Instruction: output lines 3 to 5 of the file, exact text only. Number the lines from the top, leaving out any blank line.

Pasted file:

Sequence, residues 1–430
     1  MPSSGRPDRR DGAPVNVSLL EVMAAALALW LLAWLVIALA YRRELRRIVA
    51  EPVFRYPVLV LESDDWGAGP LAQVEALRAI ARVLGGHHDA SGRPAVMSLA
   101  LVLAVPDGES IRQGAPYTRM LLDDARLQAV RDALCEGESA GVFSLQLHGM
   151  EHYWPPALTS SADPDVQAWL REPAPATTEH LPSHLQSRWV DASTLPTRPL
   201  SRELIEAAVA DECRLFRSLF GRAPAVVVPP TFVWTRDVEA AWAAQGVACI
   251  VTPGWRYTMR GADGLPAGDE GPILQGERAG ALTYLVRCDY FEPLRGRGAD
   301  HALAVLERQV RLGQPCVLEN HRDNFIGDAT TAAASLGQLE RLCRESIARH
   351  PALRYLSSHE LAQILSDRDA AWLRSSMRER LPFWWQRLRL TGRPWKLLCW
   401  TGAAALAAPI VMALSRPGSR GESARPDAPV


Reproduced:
    51  EPVFRYPVLV LESDDWGAGP LAQVEALRAI ARVLGGHHDA SGRPAVMSLA
   101  LVLAVPDGES IRQGAPYTRM LLDDARLQAV RDALCEGESA GVFSLQLHGM
   151  EHYWPPALTS SADPDVQAWL REPAPATTEH LPSHLQSRWV DASTLPTRPL